Monday, May 5, 2014

DC Mayor Vince Gray Uses Business Community to Push Homeless Out of Sight and Mind



DC Mayor Vince Gray is using DC's business improvement districts to move the homeless to parts of the city that are away from the attractions and away from all of the hustle and bustle. He might even be trying to move them out of town right before he gets booted out of office. I recently learned from a caseworker who has assisted homeless people for 27 years that at least some of the business improvement districts in Washington, DC are giving homeless people $50 to leave that BID's part of town, possibly going over the line into Maryland or Virginia. Mayors in various cities use BID's to do their dirty work. (I'm not surprised that a BID would do the bidding of the mayor, no pun intended.) It is apparently a trend.

As early as next week the aforementioned caseworker might connect me to a homeless recipient of such funding. This person wants to "sing like a canary" about how the business community is working to get the homeless "out of sight and out of mind" (for the mayor).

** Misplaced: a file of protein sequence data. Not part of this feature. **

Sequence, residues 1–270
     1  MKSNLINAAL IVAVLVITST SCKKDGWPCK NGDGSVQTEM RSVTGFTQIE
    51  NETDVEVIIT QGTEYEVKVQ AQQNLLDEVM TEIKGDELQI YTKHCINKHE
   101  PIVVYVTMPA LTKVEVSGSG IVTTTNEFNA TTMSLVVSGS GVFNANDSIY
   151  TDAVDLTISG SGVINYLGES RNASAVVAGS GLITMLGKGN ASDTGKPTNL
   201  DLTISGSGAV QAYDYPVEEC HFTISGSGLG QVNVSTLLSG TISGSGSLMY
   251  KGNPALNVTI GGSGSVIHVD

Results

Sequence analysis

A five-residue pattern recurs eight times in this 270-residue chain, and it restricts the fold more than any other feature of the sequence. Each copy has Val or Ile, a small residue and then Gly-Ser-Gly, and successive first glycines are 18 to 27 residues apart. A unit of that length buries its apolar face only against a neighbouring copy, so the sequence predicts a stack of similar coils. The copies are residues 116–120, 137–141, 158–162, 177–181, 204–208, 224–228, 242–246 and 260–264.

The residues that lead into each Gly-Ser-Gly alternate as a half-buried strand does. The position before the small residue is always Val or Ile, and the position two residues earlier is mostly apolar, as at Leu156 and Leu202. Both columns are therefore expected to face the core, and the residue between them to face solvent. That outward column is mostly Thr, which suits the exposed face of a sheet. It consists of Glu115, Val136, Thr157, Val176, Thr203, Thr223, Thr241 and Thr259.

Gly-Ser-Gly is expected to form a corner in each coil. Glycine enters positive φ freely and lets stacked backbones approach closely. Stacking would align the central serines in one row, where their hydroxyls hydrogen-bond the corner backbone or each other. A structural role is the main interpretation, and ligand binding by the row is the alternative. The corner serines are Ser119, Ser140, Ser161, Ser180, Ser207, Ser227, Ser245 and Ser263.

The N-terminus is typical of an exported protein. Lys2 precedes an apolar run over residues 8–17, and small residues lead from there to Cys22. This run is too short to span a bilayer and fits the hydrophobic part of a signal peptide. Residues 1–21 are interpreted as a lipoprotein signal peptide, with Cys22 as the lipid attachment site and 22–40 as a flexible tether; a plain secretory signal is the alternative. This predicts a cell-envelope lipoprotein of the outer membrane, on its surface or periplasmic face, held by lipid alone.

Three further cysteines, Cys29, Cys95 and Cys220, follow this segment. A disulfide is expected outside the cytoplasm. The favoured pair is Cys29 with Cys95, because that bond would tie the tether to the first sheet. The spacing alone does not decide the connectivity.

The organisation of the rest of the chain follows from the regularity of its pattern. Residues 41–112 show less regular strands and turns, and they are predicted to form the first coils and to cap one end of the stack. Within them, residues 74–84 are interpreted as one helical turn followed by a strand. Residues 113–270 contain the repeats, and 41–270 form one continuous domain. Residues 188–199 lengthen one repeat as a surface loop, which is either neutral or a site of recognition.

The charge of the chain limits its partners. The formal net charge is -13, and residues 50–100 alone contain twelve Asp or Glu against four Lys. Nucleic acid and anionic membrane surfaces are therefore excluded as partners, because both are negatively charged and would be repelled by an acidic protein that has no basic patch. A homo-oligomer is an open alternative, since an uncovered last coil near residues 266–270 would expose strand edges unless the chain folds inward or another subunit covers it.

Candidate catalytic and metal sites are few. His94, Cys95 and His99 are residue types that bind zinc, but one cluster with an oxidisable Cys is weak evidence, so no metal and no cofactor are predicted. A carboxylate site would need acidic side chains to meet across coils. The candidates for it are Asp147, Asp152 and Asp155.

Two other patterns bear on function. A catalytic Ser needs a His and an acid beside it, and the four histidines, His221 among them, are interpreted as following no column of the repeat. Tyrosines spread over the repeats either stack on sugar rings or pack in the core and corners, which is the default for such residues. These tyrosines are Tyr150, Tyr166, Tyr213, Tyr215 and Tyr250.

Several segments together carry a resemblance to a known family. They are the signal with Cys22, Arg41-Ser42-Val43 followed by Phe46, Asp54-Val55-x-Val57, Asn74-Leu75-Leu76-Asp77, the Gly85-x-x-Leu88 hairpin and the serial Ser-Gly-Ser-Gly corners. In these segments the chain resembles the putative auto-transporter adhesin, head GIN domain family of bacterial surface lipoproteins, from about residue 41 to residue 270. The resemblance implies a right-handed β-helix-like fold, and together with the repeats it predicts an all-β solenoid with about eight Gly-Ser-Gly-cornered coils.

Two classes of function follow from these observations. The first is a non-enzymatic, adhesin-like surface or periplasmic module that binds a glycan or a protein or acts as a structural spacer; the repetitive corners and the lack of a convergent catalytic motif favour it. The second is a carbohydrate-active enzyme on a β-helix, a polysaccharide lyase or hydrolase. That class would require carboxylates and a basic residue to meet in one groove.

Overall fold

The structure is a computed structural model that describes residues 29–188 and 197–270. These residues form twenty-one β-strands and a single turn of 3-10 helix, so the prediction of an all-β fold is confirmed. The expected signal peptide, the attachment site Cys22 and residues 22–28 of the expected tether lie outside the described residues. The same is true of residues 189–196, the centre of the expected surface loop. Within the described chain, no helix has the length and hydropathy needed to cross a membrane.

You might ask, "How did I make the connection between the BID's and the mayor so as to prove that they're in collusion with each other?" Well, it's really just a sneaky suspicion of mine. After all, several of Gray's campaign workers and one wealthy donor have been indicted. We've yet to prove that Gray knew about the illegal campaign contributions. As far as I'm concerned, Mayor Gray is either guilty of accepting illegal campaign contributions or of criminal negligence and ignorance due to the incompetent manner in which he ran his campaign. But he's guilty either way. Once again, we have the mayor being surrounded by people who are doing extremely controversial, if not illegal, things. Either Vince Gray is as crooked as a Chicago politician or he's as dumb as a rock. Or both.